Example: “We should not be paralyzed — we should not be paralyzed by the Republicans and their constant refrain, “big government this, big government that,” that except for what they want to impose on the American people.” (HC)

blog - body - backbone

 

backbone

Example: “So what we need to do is support small and medium-sized businesses, the backbone of our economy, but we have to make sure that every family in this country gets a fair shake…” (BS) 

handful of billionaires

Example: “What this campaign is about is whether we can mobilize our people to take back our government from a handful of billionaires and create the vibrant democracy we know we can and should have.” (BS)

wrong hands

Example: “I think it has to be continued threat from the spread of nuclear weapons, nuclear material that can fall into the wrong hands. I know the terrorists are constantly seeking it, and that’s why we have to stay vigilant, but also united around the world to prevent that.” (HC)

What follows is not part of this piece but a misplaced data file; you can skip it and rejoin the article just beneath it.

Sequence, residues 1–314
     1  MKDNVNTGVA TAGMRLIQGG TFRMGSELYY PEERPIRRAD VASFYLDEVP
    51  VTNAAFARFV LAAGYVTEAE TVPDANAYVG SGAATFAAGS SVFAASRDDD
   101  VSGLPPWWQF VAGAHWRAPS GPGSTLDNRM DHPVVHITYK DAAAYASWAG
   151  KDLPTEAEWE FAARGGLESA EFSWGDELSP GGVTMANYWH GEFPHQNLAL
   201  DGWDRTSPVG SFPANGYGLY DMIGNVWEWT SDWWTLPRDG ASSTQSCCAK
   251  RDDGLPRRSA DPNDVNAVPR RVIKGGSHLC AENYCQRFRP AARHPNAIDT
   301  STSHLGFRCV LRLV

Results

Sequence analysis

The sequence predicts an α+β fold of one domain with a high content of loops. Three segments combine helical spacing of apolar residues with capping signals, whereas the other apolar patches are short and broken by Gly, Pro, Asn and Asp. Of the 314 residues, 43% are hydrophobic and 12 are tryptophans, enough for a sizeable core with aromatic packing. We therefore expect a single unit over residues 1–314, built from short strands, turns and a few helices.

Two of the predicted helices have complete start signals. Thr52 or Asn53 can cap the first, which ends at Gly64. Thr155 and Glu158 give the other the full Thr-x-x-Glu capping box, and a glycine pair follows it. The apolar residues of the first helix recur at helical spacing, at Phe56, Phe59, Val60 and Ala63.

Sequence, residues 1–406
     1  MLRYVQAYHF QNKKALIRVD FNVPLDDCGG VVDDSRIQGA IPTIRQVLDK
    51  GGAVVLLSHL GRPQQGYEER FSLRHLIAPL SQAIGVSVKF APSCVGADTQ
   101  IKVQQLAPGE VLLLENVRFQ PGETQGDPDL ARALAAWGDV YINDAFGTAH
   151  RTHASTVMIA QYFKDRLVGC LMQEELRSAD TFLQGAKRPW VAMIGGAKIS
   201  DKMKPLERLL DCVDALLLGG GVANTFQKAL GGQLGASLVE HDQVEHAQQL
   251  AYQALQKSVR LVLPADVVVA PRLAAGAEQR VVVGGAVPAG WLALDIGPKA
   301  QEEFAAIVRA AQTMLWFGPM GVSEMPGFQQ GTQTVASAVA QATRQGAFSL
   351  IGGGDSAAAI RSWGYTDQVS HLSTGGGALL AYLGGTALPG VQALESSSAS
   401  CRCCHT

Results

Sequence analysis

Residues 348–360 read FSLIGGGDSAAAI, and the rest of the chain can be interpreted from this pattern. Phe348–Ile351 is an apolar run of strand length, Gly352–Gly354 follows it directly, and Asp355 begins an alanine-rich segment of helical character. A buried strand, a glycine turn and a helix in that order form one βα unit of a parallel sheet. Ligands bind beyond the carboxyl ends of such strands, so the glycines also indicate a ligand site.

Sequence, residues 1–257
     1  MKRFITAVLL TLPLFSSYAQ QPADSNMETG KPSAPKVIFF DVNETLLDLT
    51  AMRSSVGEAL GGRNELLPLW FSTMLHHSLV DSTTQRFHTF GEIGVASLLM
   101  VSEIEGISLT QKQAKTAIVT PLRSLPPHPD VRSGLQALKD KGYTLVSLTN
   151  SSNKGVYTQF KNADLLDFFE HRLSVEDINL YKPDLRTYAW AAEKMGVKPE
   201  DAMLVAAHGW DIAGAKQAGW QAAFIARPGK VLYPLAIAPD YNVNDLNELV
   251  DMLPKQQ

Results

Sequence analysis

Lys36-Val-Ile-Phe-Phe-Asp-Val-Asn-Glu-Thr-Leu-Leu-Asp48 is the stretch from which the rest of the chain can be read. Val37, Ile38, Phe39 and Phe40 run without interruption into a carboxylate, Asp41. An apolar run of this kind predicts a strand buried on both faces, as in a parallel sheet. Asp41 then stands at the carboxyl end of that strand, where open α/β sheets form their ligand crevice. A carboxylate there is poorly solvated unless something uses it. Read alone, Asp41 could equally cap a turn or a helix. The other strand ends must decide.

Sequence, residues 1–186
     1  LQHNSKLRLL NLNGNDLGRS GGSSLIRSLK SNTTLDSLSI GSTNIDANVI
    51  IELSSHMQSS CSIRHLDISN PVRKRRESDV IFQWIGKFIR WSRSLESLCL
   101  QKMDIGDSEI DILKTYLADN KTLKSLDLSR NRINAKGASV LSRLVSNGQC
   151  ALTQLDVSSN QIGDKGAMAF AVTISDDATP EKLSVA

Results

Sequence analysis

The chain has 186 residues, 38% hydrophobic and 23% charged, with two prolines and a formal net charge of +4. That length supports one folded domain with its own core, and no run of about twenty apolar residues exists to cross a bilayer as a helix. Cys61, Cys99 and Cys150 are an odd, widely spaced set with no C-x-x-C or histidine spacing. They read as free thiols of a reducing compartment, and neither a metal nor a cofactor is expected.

Physical Forces

We can also describe people’s behavior in terms of strong physical forces. Thus we have examples of outside forces tearing or ripping the country apart, while millions of jobs are wiped out and we have crushing debt and a broken criminal justice system. We can also have people turning out for voting, violence exploding and a middle class that is shrinking or collapsing. We can have extreme physical forces such as someone being hit by a train, or railroaded, or someone doing a delicate action such as threading a tough needle.  

IMG_0062tear our country apart

Example: “For there is a — deep injustice, an economic injustice that threatens to tear our country apart, and it will not solve itself. Injustice does not solve itself.” (MO)

rip it apart

Example: “We have to prevent the Republicans from ripping it [the Dodd-Frank bill] apart.” (HC)

wiped out millions of jobs